Interferon' with lupus
- Randy Q Cron1
© Biomed Central Ltd 2002
Received: 6 January 2002
Accepted: 9 January 2002
Published: 17 January 2002
Type I interferons (IFNs) such as IFN-a are important mediators during antiviral responses. In normal individuals, plasmacytoid dendritic cells (DCs) are a major source of IFN-a in vivo. For about 2 decades, it has been known that elevated levels of type I IFNs are found in the serum of patients with systemic lupus erythematosus (SLE), a prototypic autoimmune disease. Moreover, treatment of various diseases with IFN-a often leads to antinuclear autoantibody production and frank autoimmunity, including SLE. The role that IFN-a has in SLE pathophysiology is just beginning to be explored.
Blanco and colleagues found that serum from SLE patients led to the differentiation of monocytes into DC in vitro. These differentiated monocytes exhibited several phenotypic features of mature DCs and they were capable of stimulating naive CD4 T cells to proliferate, a feature of professional antigen presenting cells (APCs) such as DCs. Furthermore, the DC-inducing capacity of SLE patients' serum strongly correlated with APC function. The differentiated DCs were shown to present antigen from apoptotic cells to autologous CD4 T cells. The capacity of SLE patient serum to induce DC differentiation was blocked with anti-IFN-a antibodies, and the levels of serum IFN-a correlated with the APC capacity of cells differentiated in SLE patient serum. Interestingly, CD123+ (IL-3 receptor-alpha chain) DC levels were found to be decreased in SLE patients' blood, but they were capable of normal IFN-a production upon viral stimulation. Depletion of CD123+ DCs virtually eliminated IFN-a production from normal individuals but only partially inhibited IFN-a from SLE patients' blood. Nonetheless, IFN-a might represent a therapuetic target in the treatment of SLE.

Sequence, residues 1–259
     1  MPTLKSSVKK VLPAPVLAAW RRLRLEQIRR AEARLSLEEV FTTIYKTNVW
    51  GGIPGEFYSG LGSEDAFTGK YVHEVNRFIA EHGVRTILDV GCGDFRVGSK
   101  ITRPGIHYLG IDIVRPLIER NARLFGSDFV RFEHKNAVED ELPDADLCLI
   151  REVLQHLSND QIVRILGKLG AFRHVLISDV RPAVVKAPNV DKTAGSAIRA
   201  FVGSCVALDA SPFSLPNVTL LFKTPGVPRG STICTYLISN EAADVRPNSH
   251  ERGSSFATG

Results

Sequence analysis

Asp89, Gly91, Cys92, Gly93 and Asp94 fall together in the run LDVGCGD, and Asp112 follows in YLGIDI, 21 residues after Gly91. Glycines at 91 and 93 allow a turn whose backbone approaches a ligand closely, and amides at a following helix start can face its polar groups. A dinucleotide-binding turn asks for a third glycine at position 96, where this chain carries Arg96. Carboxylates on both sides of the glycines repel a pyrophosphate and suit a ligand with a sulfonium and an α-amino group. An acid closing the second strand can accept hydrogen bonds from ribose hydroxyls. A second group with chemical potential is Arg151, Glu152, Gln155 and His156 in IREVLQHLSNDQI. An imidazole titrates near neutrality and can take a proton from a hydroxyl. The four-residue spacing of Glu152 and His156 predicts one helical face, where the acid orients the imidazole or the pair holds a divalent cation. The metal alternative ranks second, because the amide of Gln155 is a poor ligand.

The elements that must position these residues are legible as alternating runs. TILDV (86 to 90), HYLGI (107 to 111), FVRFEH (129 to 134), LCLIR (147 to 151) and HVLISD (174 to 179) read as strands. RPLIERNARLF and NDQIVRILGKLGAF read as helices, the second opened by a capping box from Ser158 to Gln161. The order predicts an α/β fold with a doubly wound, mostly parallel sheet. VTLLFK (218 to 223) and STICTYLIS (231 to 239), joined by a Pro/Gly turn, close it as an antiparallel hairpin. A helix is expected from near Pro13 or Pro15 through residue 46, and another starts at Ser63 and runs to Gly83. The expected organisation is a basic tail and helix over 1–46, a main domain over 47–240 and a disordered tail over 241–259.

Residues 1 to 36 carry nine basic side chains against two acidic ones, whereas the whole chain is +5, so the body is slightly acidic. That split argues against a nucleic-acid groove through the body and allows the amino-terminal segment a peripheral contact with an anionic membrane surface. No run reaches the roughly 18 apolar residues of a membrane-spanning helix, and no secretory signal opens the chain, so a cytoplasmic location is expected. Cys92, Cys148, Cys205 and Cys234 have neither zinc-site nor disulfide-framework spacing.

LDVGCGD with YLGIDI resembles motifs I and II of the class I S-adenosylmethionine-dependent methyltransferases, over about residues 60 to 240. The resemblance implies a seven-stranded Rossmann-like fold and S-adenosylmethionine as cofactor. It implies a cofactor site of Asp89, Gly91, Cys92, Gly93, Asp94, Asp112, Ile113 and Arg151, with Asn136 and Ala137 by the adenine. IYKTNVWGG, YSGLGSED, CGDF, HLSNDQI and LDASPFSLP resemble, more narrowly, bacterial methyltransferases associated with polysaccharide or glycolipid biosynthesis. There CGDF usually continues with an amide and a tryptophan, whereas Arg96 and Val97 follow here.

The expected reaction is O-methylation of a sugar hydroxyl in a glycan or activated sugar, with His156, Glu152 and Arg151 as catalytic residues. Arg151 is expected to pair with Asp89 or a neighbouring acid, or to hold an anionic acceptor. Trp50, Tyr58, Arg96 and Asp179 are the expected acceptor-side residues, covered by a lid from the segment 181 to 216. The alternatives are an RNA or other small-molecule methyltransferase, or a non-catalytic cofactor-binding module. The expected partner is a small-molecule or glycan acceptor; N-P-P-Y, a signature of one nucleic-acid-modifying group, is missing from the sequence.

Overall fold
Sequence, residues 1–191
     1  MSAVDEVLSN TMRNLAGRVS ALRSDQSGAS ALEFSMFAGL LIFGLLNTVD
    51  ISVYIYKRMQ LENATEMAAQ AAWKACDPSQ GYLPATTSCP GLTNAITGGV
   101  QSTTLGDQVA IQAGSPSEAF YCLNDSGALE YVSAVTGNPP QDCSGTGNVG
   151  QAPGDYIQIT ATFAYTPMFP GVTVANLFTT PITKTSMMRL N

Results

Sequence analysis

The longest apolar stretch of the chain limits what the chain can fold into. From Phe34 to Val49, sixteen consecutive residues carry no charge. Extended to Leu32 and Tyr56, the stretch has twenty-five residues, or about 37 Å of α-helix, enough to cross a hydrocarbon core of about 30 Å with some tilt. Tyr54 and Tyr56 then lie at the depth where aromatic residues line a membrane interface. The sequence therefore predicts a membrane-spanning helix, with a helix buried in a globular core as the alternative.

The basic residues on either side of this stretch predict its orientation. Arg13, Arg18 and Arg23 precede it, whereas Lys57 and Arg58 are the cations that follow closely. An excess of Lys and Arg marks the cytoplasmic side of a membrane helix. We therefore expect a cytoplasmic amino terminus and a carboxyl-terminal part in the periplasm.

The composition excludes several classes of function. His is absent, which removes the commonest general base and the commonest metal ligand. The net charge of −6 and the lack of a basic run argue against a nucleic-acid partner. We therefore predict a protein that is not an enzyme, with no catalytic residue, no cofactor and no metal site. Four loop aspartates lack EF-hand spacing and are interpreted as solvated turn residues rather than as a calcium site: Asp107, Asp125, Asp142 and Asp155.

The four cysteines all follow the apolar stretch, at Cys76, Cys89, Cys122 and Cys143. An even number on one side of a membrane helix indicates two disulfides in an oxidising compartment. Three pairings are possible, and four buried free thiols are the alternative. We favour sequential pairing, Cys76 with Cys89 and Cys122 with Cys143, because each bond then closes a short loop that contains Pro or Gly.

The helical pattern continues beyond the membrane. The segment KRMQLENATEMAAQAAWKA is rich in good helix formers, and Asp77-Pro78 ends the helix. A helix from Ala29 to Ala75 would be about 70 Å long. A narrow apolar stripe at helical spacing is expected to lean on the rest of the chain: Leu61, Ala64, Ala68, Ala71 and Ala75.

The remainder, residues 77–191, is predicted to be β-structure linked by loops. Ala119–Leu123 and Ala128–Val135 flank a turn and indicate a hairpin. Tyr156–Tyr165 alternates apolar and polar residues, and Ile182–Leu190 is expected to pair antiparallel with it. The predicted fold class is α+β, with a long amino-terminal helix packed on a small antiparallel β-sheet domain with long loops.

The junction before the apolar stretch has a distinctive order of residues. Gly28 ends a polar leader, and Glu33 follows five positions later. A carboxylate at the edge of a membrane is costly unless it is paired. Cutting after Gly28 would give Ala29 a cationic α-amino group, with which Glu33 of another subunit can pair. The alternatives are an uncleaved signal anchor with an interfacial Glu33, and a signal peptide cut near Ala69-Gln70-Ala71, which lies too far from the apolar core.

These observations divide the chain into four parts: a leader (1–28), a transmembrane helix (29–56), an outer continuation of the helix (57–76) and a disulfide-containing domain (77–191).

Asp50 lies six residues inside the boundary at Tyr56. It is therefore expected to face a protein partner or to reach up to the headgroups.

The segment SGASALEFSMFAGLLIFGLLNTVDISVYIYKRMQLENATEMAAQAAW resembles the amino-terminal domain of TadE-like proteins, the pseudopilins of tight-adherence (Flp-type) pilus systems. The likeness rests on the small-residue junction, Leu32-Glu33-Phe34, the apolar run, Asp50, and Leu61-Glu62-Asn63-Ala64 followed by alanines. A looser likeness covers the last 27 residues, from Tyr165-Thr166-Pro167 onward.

It has recently been shown that SLE disease activity correlates with type I IFNs such as IFN-a (see Additional information). The paper reported here demonstrates that increased serum IFN-a in patients with SLE alters DC homeostasis. The authors' conjecture is that the increased DCs derived from monocytes may lead to increased antigen presentation and tip the balance of lymphocyte tolerance to autoimmunity. Whether this occurs in vivo is not currently known, and although the source of increased IFN-a production in patients with SLE is unclear, several labs have now demonstrated a connection between IFN-a and SLE. Therefore, IFN-a may be a key player in the pathophysiology of SLE.
Flow cytometry, mixed lymphocyte reaction, ELISA
Ronnblom L, Alm GV: A pivotal role for the natural interferon alpha-producing cells (plasmacytoid dendritic cells) on the pathogenesis of lupus J Exp Med 2001, 194(12): F59-63